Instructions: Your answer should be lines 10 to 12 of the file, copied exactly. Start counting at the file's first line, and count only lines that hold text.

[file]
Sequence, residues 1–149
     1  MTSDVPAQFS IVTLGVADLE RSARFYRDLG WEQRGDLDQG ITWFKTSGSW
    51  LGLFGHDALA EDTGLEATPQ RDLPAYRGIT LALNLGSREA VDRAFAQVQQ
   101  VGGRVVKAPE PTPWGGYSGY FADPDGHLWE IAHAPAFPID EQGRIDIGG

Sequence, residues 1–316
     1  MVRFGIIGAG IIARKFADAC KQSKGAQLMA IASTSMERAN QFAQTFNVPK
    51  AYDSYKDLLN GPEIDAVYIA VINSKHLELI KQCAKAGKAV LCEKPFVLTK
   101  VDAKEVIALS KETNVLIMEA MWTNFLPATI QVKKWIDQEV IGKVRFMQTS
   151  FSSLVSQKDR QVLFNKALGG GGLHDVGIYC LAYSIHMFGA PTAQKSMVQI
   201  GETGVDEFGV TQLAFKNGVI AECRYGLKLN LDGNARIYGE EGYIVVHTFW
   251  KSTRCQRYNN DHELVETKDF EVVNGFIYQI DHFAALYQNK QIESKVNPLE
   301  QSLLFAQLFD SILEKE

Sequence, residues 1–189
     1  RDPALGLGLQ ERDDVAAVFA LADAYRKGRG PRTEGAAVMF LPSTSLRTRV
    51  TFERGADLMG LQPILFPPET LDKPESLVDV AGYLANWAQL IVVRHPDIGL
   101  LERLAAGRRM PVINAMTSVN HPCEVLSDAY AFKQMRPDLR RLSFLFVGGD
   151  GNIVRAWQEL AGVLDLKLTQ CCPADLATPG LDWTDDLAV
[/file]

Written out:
   201  GETGVDEFGV TQLAFKNGVI AECRYGLKLN LDGNARIYGE EGYIVVHTFW
   251  KSTRCQRYNN DHELVETKDF EVVNGFIYQI DHFAALYQNK QIESKVNPLE
   301  QSLLFAQLFD SILEKE